You’ll want a mug of coffee to hand before reading this article, it’s really, really long, but it’s also really good and packed full of screenshots and examples. Favorites is a very polished app and Matt spills the beans on how he got it that way (of course, some people in the comments section disagree, but that’s also worth reading). An essential read unless you’re dead confident about getting the UI just right in your own apps.



Legendary Mac blogger John Gruber has written an essay defining how iPhone applications should be as “iPhone-like” as possible. He brings up some quick and effective tips and tactics you can use to organize your app.

Edward Tufte on iPhone interface design


Edward Tufte (pronounced “tufty”) is almost considered a god in the field of information design and presentation. Quite early on in the iPhone’s life, he put together an interesting video with some thoughts on iPhone interface design. Edward Tufte is well worth paying attention to, because even though his ideas are radical, they work and they’re ultimately quite simple. Show information, not glitz.

iPhone and the Dog Ears User Experience Model

If we can make a user experience where things don’t come to a slamming, smashing, halt but instead move and fade as lyrically as a dancer, we’ve just added something to their life.

Back in the early iPhone days of 2007, Kathy Sierra noted how the iPhone provides the user with a soft, “flowing” experience. She elaborates on why this is useful. You need to make sure you’re using these concepts in your app.
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How To Activate Your iPhone Without Official iPhone Carrier SIM

Sherif Hasim has figured out an easy way to activate iPhone 4, iPhone 3GS and iPhone 3G without needing the official iPhone carrier SIM.Please note it doesn’t unlock your iPhone but it activates it. But it helps you to hactivate your iPhone without the need to hack your iPhone. Sherif had also discovered an exploit in the baseband (05.12.01) that was bundled with iPhone OS 3.1.3 earlier in the year.

Activating your iPhone means giving it access to the Home screen by telling your iPhone that you are using one of the iPhone’s official carriers. Activating your iPhone is done through iTunes in order to use it with an official iPhone carrier.

Hactivation is the process of activating your iPhone without using an official iPhone carrier SIM. Until now, you needed jailbreaking tools like PwnageTool to hactivate your iPhone. With Hasim’s method, you can hactivate your iPhone using phone book sim card, without actually going through the pains of hacking it.

Sherif Hasim has also posted a video to show you how it activate your iPhone without the official iPhone carrier SIM:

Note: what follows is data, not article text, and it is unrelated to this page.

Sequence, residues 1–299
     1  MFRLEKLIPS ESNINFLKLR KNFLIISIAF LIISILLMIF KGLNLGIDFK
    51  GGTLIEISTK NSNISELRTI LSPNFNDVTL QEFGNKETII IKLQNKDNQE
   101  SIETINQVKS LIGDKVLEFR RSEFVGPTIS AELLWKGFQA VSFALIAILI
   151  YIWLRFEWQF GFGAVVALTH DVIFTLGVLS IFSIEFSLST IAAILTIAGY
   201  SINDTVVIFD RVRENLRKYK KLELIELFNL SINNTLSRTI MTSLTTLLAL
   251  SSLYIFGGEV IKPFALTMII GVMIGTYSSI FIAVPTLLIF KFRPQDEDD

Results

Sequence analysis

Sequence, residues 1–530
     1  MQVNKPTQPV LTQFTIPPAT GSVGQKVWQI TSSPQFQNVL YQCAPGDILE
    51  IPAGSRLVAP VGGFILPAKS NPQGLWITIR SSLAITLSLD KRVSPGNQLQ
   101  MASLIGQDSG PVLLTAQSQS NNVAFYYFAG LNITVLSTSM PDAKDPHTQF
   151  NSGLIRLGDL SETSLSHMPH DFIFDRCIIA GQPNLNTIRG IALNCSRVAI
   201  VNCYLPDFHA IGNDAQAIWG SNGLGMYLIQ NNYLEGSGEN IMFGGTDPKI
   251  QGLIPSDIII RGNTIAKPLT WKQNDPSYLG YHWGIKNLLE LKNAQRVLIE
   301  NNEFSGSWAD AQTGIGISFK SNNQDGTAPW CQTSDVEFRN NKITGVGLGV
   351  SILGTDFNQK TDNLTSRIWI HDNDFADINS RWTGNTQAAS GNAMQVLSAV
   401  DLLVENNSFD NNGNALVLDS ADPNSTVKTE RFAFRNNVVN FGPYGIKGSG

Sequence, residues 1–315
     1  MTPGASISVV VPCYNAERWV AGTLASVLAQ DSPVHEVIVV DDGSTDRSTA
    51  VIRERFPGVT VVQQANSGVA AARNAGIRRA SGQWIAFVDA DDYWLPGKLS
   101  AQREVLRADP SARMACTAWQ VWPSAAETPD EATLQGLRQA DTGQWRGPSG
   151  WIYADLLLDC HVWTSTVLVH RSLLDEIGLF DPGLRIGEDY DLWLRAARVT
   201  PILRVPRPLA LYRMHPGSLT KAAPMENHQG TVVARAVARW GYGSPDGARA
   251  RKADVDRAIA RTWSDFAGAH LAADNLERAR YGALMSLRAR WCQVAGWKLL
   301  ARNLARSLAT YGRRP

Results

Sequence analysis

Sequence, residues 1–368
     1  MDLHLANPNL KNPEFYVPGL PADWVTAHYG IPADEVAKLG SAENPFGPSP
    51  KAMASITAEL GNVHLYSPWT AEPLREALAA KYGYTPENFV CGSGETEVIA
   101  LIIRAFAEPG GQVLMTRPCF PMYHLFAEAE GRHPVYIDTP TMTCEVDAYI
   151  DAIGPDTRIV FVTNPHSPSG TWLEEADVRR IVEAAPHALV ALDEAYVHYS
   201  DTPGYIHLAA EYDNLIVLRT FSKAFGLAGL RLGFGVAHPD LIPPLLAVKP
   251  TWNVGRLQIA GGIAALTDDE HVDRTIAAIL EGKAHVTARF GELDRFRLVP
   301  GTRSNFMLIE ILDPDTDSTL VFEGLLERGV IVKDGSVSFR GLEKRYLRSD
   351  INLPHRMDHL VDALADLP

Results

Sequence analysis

Sherif has provided some useful information about the phone book sim cards:

Use any phonebook sim card, they are there in radioshak, mobile phone shops or any mobile tech moles , any phone book simcard will do the trick, no need for programmable sims, all those phonebook sims used to save ur contacts and transfer them have a universal ICCIDs preprogrammed so they all work.

To all those asking, I use this one Phone book Test card from DITS – Cdma Gsm Forum Mygsmindia. Yet, I used three other types and all work the same.

Please note that the phonebook sim cards will work as is in iPhone 3GS and iPhone 3G but you’ll need to convert it into a micro-SIM in case of iPhone 4.

So with this activation solution, iPhone users will be able to use this method to activate (or hacktivate) their iPhone and use tools like Spirit or Redsn0w to jailbreak (which can’t be used for hactivation) their iPhone and then use Ultrasn0w to unlock their iPhone.

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New 2011 MacBook Air – Let’s Configure (Discussion)

Let’s figure out what inside the “new Air” of Apple !

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6 Best Barcode iPhone Applications

We have always been skeptical about the quality of barcode applications that are available in the App Store. There are too many of them around but so many of them are worse than junk. Thankfully, a few developers have gotten it right, so you can scan barcodes properly on your iPhone. These apps make shopping a whole lot more fun. If you are looking for barcode iPhone applications that work, here are 6 apps you should try:

Barcode Scanner: a pretty useful tool for price shopping. Just scan products to get pricing information on them. Supports multi-vendor searching.

RedLaser: one of the best barcode scanners for iPhone. Scans UPC, EAN, and UPC-E barcodes and lets you compare prices using Google Products and Amazon.

FoodScanner: a great tool for those who watch their diet closely. Allows you to scan UPC barcodes on the foods you eat and lets you know how much calorie you are taking in.

Cardstar: a cool free barcode scanner that could come in handy stores. It’s a useful for storing your store cards info and rewards.

Hopscotch QR & Barcode Scanner: scans QR / bar codes and gives you more information on objects scanned.

Barcodas for iPhone: a unique barcode scanner that makes music patterns out of scanned ean and UPC barcodes. It makes shopping for products a whole lot more fun.

There are plenty of other barcode readers available for iPhone. These 6 performed in the most reliable fashion in our tests. What’s your favorite barcode application for iPhone? Please add your suggestions below.